LA Sheriff's Deputies Accused Of Rape, Smuggling Undocumented Immigrants, Heroin

LA Sheriff's Deputies Accused Of Rape, Smuggling Undocumented Immigrants, Heroin

Deputies accused of rape, smuggling heroin into a lockup, stealing money from a narcotics bust, smuggling undocumented immigrants and even using a Los Angeles Sheriff's Department helicopter for unofficial business.

This was just some of the misconduct investigated -- and corroborated -- by the Office of Independent Review in a recently issued report.

The OIR, a civilian oversight body created by the county Board of Supervisors, is tasked with making sure the LASD's internal affairs investigations are thorough and effective, and the recommended discipline is fair.

The report, posted on the OIR's website, provided summaries of administrative discipline cases resolved through Sept. 30, 2013.

Because of privacy laws, it does not list the identities of the deputies involved or the dates of the misconduct, some of which may have taken place a few years ago.

Assistant Sheriff Todd Rogers expressed concern about the findings.

"When these matters are brought to our attention, we make every effort to investigate them as promptly as possible and take the most appropriate correction action," he said in an email Thursday. "This can include retraining, written reprimands, suspensions, demotions, and even discharge."

Rogers added accountability must be ensured "from the sheriff to the most junior supervisor."

"All of us have an absolute obligation to conduct ourselves in a manner that is above reproach and demand the same of those who work within our chains of command," he said. "As supervisors, we must do everything in our power to ensure that our personnel do not engage in conduct that violates the public trust, damages the reputation of the department, or causes irreparable harm to their careers."

Mike Gennaco, who heads the OIR, said recently enacted reforms at the LASD do not seem to have made a significant dent in the volume of misconduct, except when it comes to excessive use of force in the jails.

"Unfortunately, the cases are probably the same as far as level of egregiousness," he said in an interview Thursday.

"With regard to jail cases, I know that force is going down, at least in the downtown jails," he added. "The fact that there are cameras make it easier to decide whether the conduct was in or out of policy."

Among the most serious cases catalogued by the OIR:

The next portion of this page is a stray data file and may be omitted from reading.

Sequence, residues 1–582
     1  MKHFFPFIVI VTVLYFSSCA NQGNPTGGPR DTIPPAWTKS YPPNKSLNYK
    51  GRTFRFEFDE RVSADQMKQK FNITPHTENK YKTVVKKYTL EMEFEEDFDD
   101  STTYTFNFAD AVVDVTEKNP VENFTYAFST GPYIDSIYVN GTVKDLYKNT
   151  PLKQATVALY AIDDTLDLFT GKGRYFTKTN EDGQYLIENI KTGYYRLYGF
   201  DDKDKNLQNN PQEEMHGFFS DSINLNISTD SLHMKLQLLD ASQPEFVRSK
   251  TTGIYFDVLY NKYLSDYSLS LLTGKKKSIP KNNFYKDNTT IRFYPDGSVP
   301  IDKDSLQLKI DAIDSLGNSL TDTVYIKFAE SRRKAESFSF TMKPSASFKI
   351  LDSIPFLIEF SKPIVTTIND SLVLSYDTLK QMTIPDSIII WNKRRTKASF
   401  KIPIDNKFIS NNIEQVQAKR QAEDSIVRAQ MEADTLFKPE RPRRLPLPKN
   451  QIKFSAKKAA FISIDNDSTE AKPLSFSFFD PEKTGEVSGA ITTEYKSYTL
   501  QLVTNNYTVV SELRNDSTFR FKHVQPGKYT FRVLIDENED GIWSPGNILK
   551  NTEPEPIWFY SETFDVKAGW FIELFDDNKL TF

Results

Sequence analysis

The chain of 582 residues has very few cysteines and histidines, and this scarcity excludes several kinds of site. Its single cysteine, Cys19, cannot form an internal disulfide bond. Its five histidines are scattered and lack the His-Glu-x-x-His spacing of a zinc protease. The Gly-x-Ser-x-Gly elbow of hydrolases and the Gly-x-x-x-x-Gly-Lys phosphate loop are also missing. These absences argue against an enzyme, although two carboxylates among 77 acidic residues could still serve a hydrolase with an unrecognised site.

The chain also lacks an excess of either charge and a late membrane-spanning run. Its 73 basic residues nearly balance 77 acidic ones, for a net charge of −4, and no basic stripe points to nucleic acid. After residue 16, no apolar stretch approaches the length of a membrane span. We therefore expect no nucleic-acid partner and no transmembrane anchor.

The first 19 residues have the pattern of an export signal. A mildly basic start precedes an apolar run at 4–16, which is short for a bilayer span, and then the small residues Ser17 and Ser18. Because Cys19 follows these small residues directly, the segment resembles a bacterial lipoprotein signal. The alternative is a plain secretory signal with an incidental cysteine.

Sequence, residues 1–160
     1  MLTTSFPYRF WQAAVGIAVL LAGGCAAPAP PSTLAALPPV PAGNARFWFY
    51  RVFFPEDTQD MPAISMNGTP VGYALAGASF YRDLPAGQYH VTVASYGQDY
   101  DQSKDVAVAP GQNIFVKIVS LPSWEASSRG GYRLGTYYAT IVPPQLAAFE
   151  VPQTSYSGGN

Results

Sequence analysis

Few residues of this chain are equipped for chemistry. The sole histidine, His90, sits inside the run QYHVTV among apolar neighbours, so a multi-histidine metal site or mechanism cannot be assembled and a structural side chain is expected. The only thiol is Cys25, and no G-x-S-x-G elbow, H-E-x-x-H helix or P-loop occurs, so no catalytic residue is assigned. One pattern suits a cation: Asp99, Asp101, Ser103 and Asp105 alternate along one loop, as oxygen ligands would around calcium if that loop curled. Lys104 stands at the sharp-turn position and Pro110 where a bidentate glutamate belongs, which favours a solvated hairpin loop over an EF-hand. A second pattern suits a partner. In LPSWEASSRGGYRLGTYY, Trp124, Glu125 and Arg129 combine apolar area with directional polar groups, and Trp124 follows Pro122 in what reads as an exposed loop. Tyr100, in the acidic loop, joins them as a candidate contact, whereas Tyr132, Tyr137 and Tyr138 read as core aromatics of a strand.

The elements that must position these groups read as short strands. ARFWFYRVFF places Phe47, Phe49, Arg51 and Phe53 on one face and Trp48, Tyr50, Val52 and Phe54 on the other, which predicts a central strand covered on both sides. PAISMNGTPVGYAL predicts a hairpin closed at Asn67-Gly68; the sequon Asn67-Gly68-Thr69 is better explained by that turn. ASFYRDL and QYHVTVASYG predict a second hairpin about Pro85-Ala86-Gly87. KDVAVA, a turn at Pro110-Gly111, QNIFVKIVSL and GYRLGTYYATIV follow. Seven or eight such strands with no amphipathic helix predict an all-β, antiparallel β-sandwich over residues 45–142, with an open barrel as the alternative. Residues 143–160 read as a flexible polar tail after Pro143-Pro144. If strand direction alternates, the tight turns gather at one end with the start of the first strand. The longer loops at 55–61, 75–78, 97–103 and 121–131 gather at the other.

--The District Attorney filed 11 felony counts ranging from bribery to rape against a deputy accused of sexually assaulting a woman during a traffic stop, in exchange for not arresting her for driving on a suspended license, and of making similar offers to other women;

--A deputy arrested by Border Patrol was ultimately convicted of felony alien smuggling. He resigned from the LASD while his criminal case was still pending;

--An LASD employee pleaded guilty to felony spousal assault and cruelty to a child after assaulting his live-in girlfriend and her children;

--A deputy tried to bring heroin into the court lockup and deliver it to an inmate inside a burrito;

--A deputy left her gun in a backpack in the backseat of her private vehicle and then offered two youths a ride to their bus stop, one of whom mistakenly took her backpack to school instead of his own;

--An LASD employee was suspended after being accused of unauthorized use of helicopter for non-official business flights and falsification of time records;

--A sergeant and a station clerk pleaded no contest to grand theft after stealing money from the proceeds of narcotics investigations;

--A deputy was arrested and subsequently convicted of kidnapping, falsely imprisoning, and assaulting his ex-girlfriend with a firearm.

--A deputy who utilized the closed circuit monitoring system to inappropriately view women at the court house was discharged because of other unrelated misconduct;

--A nursing assistant with a history of performance issues failed to provide medication to an entire module;

--About a half dozen deputies belonging to a clique -- what the American Civil Liberties Union calls a gang -- known as the "Jump Out Boys" were discharged. "Elements of this creed, if followed, do not reflect the standards expected of members of the Sheriff's Department and directly contradict our core values," the OIR said.

--A deputy alleged to have had sexual relationships with inmates and prostitutes resigned in lieu of being discharged.

--A deputy left a male inmate and a female inmate unsecured in an adjacent courtroom lockup area. They had sex, and the female inmate became pregnant.

(c)2014 the Daily News (Los Angeles)

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